Paging Dr. Freud: It's possible that Mr. Bump may be exhibiting symptoms of obsession.
Earlier this week, Bump wrote yet another article on the same topic, and he ended that piece this way with a suggestion of a sinister conspiracy at work, writing, "Why promote that drug and why so energetically?" Hmm. He left the question hanging in the air.
Philip Bump doesn't believe in human optimism. He always assumes a secret agenda.
But as usual, this was pure projection. What the creeps in big media accuse you of doing, every single time, they are fervently doing themselves. They're the ones obsessed with hydroxychloroquine.
Most people just want a drug that works. Those in the media are the ones with a weird, unspoken agenda that's obvious, and yet hidden.
Most people in this country just want a drug that works, and in fact, in some circumstances, this drug may work. Hydroxychloroquine is still being used to treat coronavirus patients.
Dozens of studies of its effectiveness are now in progress, still, at this hour. Many doctors believe it can help if used early or in mild cases of the disease. Veterans Affairs Secretary Robert Wilkie recently said as much in an interview with Stephanie Ruhle on MSNBC recently:
QUESTION: President Trump has touted this, but it is linked to higher rates of death in the V.A. coronavirus related. Can you elaborate? What's going on with this drug?
ROBERT WILKIE, SECRETARY OF DEPARTMENT OF VETERANS AFFAIRS: Sure. That's an observational study. It's not a clinical study.
It was done on a small number of veterans.
Sadly, those of whom were in the last stages of life, and the drug was given to them. And I have to -- I have to also say that the drug -- we know the drug has been working on middle age and younger veterans.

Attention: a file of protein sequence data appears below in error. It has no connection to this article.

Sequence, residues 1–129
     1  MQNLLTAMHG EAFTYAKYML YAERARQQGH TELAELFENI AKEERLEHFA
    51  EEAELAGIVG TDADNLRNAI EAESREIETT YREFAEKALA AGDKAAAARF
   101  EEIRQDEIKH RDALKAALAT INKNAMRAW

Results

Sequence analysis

Oh, so correlation is not causation. These are deep waters. Many people on television are not prepared. They're not wearing their swimsuits.
In real life, we are getting mixed results. We need to know more.
This is how science actually works. It's why we still haven't cured cancer despite decades of working on it. But we have prolonged the lives of cancer patients significantly.
That's a victory.
These are the kinds of victories you get in this business. Real science is complicated and difficult and almost always incremental.
The party of science no longer understands that because they left science a long time ago.
Karen Whitsett is a Democratic lawmaker in the state of Michigan. She believes she was suffering from coronavirus and steadily getting worse until she received hydroxychloroquine from her physician. Then she recovered.
Whitsett came on this show to explain what happened, and as she explained it, she gave some credit to a president she didn't vote for.
KAREN WHITSETT (D), MICHIGAN STATE REPRESENTATIVE: Dr. Arsiwala did save my life and I do credit, you know, the president to doing so and putting this out there because it wasn't accessible to me if it weren't for that fact.
WHITSETT: I had very little time to be able to get to this and be able to make it because my breathing did become very labored.
So, you just saw a woman who at bare minimum went through a harrowing experience and escaped with her life. We should celebrate, but not everybody is.
A Detroit branch of the Democratic Party says it plans to censure Whitsett and expel her from the Democratic Party for daring to meet with the president after she got well. They didn't congratulate her for surviving. They punished her for violating party orthodoxy.
Adapted from Tucker Carlson’s monologue from “Tucker Carlson Tonight” on April 24, 2020.